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So a little girl born with an extra chromosome takes her cue from her father on Career Day at her school and pronounces German words beautifully for her classmates. She beams. The other first graders join in and imitate dad and daughter. The class teacher nods approval. None of the other kids was born with an extra chromosome, but they were just taught by the one who has Trisomy 21 or Down Syndrome. They also found out Ellen has two dads because they wanted to know why they see her come to school with and get picked up by Ben and me. The teacher, along with four other first-grade teachers, talked about families coming in all shapes and forms.

This is a true story, and it happened yesterday at Ellen’s school where she is more than holding her own. When the five classes of first graders found out that Ellen lives in two languages, they spoke proudly of their own accomplishments as speakers of Hawaiian, Chinese, Japanese, Korean, even Finnish! They applauded the guest speaker, me, who spoke to five different classes, all of which looked like they were from a glossy magazine setup for a photo shoot. This happened in a public school. I wanted to stay there forever.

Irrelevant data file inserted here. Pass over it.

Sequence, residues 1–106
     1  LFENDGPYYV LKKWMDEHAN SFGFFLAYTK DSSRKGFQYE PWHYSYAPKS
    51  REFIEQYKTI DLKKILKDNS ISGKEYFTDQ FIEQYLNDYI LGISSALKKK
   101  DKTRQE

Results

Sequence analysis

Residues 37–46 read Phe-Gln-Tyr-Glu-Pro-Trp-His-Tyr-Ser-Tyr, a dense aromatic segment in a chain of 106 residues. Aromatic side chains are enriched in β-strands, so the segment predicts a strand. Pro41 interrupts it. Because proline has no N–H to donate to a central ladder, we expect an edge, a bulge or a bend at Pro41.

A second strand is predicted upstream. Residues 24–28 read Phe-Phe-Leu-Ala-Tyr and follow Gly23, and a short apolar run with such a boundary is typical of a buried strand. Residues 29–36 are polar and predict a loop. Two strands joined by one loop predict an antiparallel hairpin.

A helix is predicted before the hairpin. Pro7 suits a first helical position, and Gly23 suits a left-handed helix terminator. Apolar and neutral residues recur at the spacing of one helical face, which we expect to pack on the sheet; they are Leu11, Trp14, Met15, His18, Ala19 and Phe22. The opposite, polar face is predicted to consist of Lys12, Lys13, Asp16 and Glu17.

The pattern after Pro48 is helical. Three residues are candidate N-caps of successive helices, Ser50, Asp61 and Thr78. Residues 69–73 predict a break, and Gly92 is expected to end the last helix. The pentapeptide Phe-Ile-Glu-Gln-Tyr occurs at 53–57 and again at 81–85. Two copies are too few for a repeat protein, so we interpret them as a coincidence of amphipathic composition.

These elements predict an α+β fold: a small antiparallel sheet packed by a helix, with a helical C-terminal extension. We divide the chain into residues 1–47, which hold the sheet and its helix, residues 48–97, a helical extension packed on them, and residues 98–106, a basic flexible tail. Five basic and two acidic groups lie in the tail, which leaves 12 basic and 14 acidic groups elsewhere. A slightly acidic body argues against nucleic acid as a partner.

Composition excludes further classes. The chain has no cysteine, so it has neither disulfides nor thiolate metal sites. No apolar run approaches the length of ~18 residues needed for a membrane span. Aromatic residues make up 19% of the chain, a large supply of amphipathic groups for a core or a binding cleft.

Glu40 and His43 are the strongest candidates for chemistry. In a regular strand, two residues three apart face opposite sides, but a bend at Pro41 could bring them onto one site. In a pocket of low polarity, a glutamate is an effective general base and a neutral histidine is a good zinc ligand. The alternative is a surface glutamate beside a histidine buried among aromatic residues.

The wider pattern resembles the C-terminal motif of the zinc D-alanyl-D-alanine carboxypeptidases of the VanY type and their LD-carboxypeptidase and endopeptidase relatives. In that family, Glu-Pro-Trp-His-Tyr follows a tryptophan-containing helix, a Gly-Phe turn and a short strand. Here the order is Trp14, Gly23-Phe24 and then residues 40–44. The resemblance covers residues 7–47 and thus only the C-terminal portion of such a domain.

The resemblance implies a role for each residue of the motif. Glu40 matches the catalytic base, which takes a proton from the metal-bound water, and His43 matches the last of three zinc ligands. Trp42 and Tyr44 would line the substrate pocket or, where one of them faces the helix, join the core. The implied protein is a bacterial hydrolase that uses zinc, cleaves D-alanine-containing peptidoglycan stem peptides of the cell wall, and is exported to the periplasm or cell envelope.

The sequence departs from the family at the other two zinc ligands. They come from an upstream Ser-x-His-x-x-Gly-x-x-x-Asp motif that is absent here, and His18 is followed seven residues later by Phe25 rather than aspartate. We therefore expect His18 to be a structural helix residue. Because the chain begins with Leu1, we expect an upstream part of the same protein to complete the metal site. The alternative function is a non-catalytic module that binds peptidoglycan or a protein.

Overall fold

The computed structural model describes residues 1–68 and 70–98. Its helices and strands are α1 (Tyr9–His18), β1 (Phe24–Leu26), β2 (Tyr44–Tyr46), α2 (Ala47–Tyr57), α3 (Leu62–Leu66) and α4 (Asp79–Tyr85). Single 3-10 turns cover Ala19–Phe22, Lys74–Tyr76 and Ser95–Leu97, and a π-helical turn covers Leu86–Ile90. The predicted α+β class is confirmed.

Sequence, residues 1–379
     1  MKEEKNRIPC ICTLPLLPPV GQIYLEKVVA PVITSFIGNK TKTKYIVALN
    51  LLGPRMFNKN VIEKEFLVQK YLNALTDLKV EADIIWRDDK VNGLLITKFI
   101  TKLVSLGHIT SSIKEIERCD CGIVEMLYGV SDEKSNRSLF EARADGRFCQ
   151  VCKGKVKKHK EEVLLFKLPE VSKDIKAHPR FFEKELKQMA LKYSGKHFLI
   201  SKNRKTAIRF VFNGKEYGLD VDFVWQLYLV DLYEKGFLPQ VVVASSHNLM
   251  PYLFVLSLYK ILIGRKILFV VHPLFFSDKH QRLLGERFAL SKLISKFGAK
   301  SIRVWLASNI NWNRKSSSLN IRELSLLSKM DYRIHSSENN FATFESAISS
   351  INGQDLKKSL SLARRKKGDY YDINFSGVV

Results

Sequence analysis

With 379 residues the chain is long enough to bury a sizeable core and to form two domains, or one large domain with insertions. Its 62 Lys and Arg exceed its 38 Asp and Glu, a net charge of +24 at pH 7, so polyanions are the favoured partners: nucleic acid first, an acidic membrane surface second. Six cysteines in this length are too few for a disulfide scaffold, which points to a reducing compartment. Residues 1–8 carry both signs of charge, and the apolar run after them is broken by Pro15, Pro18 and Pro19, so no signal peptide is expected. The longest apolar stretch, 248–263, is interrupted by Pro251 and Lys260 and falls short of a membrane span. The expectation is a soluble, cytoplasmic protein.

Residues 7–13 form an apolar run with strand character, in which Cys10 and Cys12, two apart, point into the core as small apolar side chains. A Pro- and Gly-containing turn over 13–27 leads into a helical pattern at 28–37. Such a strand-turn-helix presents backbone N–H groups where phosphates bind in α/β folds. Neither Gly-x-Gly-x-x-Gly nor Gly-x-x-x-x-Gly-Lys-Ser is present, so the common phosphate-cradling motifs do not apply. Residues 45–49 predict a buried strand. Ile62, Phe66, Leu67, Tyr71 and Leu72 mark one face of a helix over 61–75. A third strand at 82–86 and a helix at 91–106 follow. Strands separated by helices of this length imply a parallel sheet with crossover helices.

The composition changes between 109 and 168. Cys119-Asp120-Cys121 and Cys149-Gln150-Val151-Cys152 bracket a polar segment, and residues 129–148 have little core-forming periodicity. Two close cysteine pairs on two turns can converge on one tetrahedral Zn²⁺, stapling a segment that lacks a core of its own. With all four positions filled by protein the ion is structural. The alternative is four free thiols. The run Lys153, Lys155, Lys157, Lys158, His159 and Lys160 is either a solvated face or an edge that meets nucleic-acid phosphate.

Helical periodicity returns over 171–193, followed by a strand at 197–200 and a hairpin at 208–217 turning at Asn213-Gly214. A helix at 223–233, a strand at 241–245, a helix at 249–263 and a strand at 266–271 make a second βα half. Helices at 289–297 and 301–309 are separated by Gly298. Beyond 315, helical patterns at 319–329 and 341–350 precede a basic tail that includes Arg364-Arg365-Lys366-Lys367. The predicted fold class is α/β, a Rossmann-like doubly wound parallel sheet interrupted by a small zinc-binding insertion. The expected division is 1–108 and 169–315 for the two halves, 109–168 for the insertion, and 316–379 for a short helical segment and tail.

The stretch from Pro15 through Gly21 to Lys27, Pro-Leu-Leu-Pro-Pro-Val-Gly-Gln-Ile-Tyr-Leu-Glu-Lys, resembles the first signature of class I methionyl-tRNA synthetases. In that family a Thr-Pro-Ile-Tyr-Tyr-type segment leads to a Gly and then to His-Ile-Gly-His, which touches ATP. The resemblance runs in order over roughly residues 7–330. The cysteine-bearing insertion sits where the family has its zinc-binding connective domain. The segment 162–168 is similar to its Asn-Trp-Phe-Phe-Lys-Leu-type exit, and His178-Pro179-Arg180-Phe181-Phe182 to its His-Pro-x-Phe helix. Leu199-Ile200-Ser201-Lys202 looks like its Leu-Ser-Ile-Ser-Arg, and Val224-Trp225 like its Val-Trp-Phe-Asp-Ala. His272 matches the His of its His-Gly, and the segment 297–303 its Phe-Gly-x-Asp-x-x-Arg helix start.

To be sure, I talked about how I had been a lifelong learner and in schools as a student or teacher or administrator most of my years. I urged the kids to appreciate their teachers in all areas of their lives, to look for good role models, and to have fun deciding on their careers. For a few hours yesterday, the world seemed pretty great as I walked the two miles to my job from my daughter’s school, hoping Ellen and her classmates will become teachers, doctors, ambulance drivers, artists, poets, and maybe president! The future would be very bright with them leading it.

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